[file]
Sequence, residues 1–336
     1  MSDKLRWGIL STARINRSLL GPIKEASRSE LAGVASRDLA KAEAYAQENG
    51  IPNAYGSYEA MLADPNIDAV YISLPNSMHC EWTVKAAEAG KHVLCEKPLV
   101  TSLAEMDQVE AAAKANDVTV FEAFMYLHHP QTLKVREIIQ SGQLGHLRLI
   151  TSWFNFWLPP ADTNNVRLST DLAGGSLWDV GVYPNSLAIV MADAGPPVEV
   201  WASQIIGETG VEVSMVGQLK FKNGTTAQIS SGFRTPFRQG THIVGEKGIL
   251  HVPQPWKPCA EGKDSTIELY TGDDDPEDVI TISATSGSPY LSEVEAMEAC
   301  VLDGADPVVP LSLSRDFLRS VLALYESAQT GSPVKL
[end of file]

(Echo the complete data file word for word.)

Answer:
Sequence, residues 1–336
     1  MSDKLRWGIL STARINRSLL GPIKEASRSE LAGVASRDLA KAEAYAQENG
    51  IPNAYGSYEA MLADPNIDAV YISLPNSMHC EWTVKAAEAG KHVLCEKPLV
   101  TSLAEMDQVE AAAKANDVTV FEAFMYLHHP QTLKVREIIQ SGQLGHLRLI
   151  TSWFNFWLPP ADTNNVRLST DLAGGSLWDV GVYPNSLAIV MADAGPPVEV
   201  WASQIIGETG VEVSMVGQLK FKNGTTAQIS SGFRTPFRQG THIVGEKGIL
   251  HVPQPWKPCA EGKDSTIELY TGDDDPEDVI TISATSGSPY LSEVEAMEAC
   301  VLDGADPVVP LSLSRDFLRS VLALYESAQT GSPVKL